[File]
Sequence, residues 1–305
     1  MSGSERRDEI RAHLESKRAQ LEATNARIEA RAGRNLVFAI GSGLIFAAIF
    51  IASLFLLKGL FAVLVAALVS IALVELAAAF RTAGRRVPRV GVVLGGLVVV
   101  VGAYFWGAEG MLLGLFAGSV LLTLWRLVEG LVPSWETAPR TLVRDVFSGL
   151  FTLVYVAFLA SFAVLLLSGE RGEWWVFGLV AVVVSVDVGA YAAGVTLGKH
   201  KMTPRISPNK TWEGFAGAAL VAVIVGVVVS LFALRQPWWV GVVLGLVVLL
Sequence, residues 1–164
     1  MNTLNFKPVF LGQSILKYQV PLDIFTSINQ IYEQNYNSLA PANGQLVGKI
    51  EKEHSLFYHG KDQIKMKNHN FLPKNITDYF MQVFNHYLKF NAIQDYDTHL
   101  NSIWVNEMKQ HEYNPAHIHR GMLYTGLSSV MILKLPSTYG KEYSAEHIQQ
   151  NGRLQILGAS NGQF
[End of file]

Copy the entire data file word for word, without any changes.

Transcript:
Sequence, residues 1–305
     1  MSGSERRDEI RAHLESKRAQ LEATNARIEA RAGRNLVFAI GSGLIFAAIF
    51  IASLFLLKGL FAVLVAALVS IALVELAAAF RTAGRRVPRV GVVLGGLVVV
   101  VGAYFWGAEG MLLGLFAGSV LLTLWRLVEG LVPSWETAPR TLVRDVFSGL
   151  FTLVYVAFLA SFAVLLLSGE RGEWWVFGLV AVVVSVDVGA YAAGVTLGKH
   201  KMTPRISPNK TWEGFAGAAL VAVIVGVVVS LFALRQPWWV GVVLGLVVLL
Sequence, residues 1–164
     1  MNTLNFKPVF LGQSILKYQV PLDIFTSINQ IYEQNYNSLA PANGQLVGKI
    51  EKEHSLFYHG KDQIKMKNHN FLPKNITDYF MQVFNHYLKF NAIQDYDTHL
   101  NSIWVNEMKQ HEYNPAHIHR GMLYTGLSSV MILKLPSTYG KEYSAEHIQQ
   151  NGRLQILGAS NGQF